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dc.contributor.advisorMonforte, Enric-
dc.contributor.authorYilmaz, Neslihan-
dc.descriptionMàster Oficial en Construcció i Representació d'Identitats Culturals (CRIC), director Dr. Enric Monfortecat
dc.description.abstractThis dissertation analyzes Caryl Churchill's Cloud Nine (1979) with the help of an eclectic theoretical framework enriched with a critical approach drawn from the ideas prevalent around the discussions of feminism, gender politics, and the construction and the representation of gendered identities. Reading Cloud Nine, this study argues that gender and sexuality are discursively constructed in accordance with the interests of the patriarchal and heteronormative regulations. It also traces how a distinction between sex and gender is forged with a view to securing patriarchal kinship systems, which maintain the binary oppositions based on the sex/gender dichotomy. Reading a range of theorists analyzing the notions of sex and gender, this dissertation upholds that the assumedly stable and unalterable distinction between the two is illusory. Laying bare the constructedness of the notions of sex/gender, this work asserts that these notions are fashioned through the repetition of the stylized acts pertinent to a sanctioned gender. As gender is understood to be a social and cultural construct predicated upon the repetition of various acts, this project asserts that the patriarchal notion of gender could be subverted by repeating such acts in an unorthodox way, thereby contesting patriarchy¿s grand narratives of gender. Thus, it explores how gender could be 'done' subversively by using the patriarchal and heteronormative machinery that purports to repress the non-conforming gender identities and sexualities. Heralding the possibility of subversion within the patriarchal regulation of gender and sexuality, this dissertation claims that gender-bound expectations from women and other marginalized groups could no longer be valid. In addition, this study analyzes how a feminist practice of theater challenges the patriarchal assumptions of an abiding hierarchy between the male and the female through the analysis of a number of feminist theorists. By the same token, it explores how feminist playwrights could write plays against the grain to challenge the central position of patriarchy within conventional theater as a site of power relations. Providing the theoretical framework fundamental to the analysis of Cloud Nine as a feminist play resisting patriarchal and heteronormative impositions, this dissertation argues that Cloud Nine subverts the patriarchal and heteronormative grand narratives with the aim of vindicating subjective power for women and other peripheral groups through both its content and its deployment of non-Aristotelian theatrical techniques. This project, thus, aims at deconstructing the taken-for-granted assumptions concerning the notions of sex/gender and subverting the patriarchal hierarchy that restrains women from occupying central positions in theater and in society as a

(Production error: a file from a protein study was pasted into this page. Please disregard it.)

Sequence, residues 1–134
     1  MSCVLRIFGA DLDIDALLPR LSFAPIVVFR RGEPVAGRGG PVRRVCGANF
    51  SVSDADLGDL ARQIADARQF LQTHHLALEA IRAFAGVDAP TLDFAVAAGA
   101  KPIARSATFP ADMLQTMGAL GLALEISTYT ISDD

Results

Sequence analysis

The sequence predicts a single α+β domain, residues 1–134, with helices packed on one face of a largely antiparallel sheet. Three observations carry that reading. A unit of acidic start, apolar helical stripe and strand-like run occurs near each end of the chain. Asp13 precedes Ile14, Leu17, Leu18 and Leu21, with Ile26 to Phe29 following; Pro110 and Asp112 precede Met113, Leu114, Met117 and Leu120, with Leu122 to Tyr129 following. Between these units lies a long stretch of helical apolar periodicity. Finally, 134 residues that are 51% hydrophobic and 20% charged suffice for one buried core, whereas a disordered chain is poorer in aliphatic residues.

dc.format.extent91 p.-
dc.rightscc-by-nc-nd (c) Yilmaz, 2012cat
dc.sourceMàster Oficial - Construcció i Representació d'Identitats Culturals (CRIC)-
dc.subject.classificationTeatre feministacat
dc.subject.classificationTeatre anglèscat
dc.subject.classificationPerformance (Art)cat
dc.subject.classificationTreballs de fi de màstercat
dc.subject.otherChurchill, Caryl, 1938-. Cloud Nineeng
dc.subject.otherFeminist theatereng
dc.subject.otherEnglish dramaeng
dc.subject.otherPerformance arteng
dc.subject.otherMaster's theseseng
dc.titleGender politics and feminism in Caryl Churchill's "Cloud Nine"eng
Appears in Collections:Màster Oficial - Construcció i Representació d'Identitats Culturals (CRIC)

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